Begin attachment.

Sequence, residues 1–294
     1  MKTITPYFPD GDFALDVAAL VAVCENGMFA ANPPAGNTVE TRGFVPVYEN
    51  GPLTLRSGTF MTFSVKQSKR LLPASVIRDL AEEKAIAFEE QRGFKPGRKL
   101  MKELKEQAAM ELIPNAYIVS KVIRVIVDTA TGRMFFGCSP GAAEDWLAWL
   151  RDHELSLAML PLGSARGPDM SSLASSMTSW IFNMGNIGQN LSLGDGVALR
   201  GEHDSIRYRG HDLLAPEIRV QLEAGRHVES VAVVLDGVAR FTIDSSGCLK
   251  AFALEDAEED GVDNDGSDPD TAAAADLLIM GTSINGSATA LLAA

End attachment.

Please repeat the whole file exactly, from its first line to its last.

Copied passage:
Sequence, residues 1–294
     1  MKTITPYFPD GDFALDVAAL VAVCENGMFA ANPPAGNTVE TRGFVPVYEN
    51  GPLTLRSGTF MTFSVKQSKR LLPASVIRDL AEEKAIAFEE QRGFKPGRKL
   101  MKELKEQAAM ELIPNAYIVS KVIRVIVDTA TGRMFFGCSP GAAEDWLAWL
   151  RDHELSLAML PLGSARGPDM SSLASSMTSW IFNMGNIGQN LSLGDGVALR
   201  GEHDSIRYRG HDLLAPEIRV QLEAGRHVES VAVVLDGVAR FTIDSSGCLK
   251  AFALEDAEED GVDNDGSDPD TAAAADLLIM GTSINGSATA LLAA